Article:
Stress is difficult to define because it is such a looming emotion. This state of mental tension is an equal opportunity attacker and it can strike an employee at any level of a company to different degrees. In fact, 1 in 5 Americans experience extreme stress, including shaking, heart palpitations and depression, according to The American Institute of Stress. But even the most subtle representations of stress can have a severe impact on productivity.
It can be difficult to identify exactly what will act as that stress reliever for each individual in written form. However, there are a couple of tried and true methods that are sure to improve mood and reduce stress in just about anyone. Here are five that you can start implementing with relative ease!
For many people, guilty pleasures like a midday Coca-Cola or a snack from the vending machine somehow make it into the daily routine. A donut in the morning or mindlessly having 3 cups of coffee a day can actually be detrimental. Forty percent of stressed people eat unhealthy food or overeat per The American Institute of Stress.
“Engaging in an activity that takes your mind away from work will make you happier.”
That doesn’t mean you need to cut sugar and coffee out of your diet completely, but it’s important to be aware if you are binging or even steadily consuming a small amount each day – it adds up! Try to lower your caffeine intake gradually and replace your sweet snack with something containing good sugars, like an apple. Lowering caffeine and sugar intake will help you stay focused and think clearly throughout the workday.
It’s widely known that working out releases endorphins, reduces stress and increases happiness, but there are some ways to get even more out of your work out. Working out in the morning is more effective for losing weight, while afternoon exercises are better for explosive workouts like kickboxing or racquetball.
Ultimately, you have to work out at the time that fits best with your body cycles and schedule, because no matter what time you choose, it’s always better to spread it out throughout the week. Dr. Russell Pate, M.D. told The American Heart Association that the benefits of physical activity are tightly linked with the amount you do on a regular basis. That means finding a time in your schedule to consistently exercise is significantly better than hitting the gym only once a week for a long, strenuous work out, which will actually do more harm than good.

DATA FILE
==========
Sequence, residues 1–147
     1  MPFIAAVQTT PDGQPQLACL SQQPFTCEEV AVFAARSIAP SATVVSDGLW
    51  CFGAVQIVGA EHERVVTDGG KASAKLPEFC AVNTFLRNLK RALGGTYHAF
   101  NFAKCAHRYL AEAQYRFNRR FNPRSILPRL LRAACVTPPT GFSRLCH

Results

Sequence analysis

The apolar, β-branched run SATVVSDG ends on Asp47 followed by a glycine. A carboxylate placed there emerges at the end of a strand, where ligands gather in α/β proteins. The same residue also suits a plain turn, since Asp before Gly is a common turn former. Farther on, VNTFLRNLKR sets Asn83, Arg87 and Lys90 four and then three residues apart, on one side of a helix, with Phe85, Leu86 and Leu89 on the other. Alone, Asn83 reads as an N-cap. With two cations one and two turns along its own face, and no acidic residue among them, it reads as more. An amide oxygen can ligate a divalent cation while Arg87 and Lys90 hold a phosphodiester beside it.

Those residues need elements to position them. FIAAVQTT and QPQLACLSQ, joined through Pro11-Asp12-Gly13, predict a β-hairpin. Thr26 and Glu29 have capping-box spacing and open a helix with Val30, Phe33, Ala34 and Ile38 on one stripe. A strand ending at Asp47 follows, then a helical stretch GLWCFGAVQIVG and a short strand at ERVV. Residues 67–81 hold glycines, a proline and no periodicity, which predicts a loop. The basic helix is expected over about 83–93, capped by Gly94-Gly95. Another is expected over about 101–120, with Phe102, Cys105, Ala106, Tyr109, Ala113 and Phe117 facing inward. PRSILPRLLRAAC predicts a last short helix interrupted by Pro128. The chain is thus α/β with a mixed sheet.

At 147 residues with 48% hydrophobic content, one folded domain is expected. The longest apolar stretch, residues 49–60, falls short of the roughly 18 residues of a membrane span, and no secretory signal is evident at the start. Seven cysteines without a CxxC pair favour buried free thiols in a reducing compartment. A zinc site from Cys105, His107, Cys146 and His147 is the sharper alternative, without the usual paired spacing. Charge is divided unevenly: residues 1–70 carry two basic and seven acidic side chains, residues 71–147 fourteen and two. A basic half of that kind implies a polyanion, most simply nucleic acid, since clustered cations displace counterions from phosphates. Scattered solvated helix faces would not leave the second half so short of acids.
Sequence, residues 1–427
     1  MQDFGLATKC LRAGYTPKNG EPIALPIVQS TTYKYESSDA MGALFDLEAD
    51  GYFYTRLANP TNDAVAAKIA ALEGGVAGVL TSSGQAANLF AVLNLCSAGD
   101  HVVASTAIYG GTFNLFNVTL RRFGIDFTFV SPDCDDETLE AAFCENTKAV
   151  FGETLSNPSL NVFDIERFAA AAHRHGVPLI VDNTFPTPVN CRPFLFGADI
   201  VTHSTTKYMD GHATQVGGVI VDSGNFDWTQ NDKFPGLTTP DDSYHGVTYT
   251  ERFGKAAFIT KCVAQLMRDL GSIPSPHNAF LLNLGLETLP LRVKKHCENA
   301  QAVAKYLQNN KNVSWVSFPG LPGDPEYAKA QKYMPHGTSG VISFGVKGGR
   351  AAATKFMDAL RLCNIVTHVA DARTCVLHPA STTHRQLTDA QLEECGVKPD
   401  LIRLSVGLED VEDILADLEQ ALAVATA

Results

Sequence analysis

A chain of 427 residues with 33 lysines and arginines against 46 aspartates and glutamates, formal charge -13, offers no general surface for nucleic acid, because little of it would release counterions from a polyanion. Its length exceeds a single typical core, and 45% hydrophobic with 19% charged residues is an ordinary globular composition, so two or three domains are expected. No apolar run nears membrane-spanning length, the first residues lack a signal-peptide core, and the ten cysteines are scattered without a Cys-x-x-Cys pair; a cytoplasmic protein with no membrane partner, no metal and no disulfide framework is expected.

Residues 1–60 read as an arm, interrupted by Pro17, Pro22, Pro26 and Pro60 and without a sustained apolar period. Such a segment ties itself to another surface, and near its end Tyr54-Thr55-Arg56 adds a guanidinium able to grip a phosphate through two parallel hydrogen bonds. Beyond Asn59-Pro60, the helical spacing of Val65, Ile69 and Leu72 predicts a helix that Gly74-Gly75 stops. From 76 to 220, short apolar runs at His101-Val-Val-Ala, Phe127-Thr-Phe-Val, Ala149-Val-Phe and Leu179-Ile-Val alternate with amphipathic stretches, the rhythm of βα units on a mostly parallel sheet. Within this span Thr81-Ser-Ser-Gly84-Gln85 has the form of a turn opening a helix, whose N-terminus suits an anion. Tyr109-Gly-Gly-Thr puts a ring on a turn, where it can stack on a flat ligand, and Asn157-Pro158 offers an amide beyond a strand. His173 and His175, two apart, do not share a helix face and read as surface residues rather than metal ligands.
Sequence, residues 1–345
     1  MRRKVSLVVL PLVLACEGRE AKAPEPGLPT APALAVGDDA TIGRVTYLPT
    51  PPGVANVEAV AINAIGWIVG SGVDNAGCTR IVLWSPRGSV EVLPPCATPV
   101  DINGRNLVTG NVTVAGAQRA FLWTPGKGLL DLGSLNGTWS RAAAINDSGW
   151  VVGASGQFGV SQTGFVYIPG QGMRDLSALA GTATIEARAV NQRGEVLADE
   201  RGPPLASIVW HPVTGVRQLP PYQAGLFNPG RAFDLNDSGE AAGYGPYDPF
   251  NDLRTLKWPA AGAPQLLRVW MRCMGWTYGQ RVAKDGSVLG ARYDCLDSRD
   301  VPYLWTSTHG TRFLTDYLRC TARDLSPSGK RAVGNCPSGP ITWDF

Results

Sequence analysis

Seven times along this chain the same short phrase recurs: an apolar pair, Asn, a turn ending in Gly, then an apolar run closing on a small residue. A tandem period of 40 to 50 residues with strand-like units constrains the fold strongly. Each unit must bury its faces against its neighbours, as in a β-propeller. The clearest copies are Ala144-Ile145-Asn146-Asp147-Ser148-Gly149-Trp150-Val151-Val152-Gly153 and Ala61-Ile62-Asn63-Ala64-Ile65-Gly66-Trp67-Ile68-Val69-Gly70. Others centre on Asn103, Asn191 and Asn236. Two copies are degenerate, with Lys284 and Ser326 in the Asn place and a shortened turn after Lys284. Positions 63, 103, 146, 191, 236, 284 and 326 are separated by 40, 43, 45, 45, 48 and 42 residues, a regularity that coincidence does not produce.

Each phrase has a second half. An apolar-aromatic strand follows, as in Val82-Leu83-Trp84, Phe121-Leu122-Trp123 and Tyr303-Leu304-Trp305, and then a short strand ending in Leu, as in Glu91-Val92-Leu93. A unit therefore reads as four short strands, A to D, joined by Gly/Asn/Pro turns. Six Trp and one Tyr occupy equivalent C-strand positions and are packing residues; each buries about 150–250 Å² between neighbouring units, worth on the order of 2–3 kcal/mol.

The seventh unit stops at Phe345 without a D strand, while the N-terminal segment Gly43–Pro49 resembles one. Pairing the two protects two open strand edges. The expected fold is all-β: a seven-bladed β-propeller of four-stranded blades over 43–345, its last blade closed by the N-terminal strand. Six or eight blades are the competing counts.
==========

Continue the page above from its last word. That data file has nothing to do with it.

Taking time to do something that calms your mind and body is essential to lowering stress. Though meditation can sound like a daunting practice, especially to those who don’t know what it is or how it works, it’s not the only option that allows you to reap the benefits. Mayo Clinic promises that breathing exercises, yoga, mindfulness, prayer and tai chi all have similar relaxation effects. Practicing one of these daily will do wonders for your stress level and productivity.
Vacation from work is essential in managing stress, but it’s not practical each and every week. Making time for your hobbies and interests can be almost like a mini vacation. Whether you take a painting class or coach your daughter’s soccer team, engaging in an activity that takes your mind away from work and brings you enjoyment will make you happier, more inspired and ready for the next day.
Getting enough sleep is perhaps the most crucial stress reliever, but it’s also difficult to get sleep when you are stressed out. Going to sleep on a schedule helps your body function more smoothly. If your body expects to go to bed at 11pm because you do every night, it will respond. Going to sleep on a schedule also helps ensure you can keep your daily routine in order, and eating at the same time every day also has health benefits.
Productivity isn’t always about just plowing through your workload. You have to make sure your mind is in the right place before anything else.These five steps are easy to implement with a little bit of discipline. As for your employees, some companies offer yoga classes, give stipends for gym memberships or pay for transcendental meditation certification (like Oprah!), but simply sharing the information above and promoting a healthy environment can help. We all need to give our brain time to recharge; it’s how the best ideas are formed!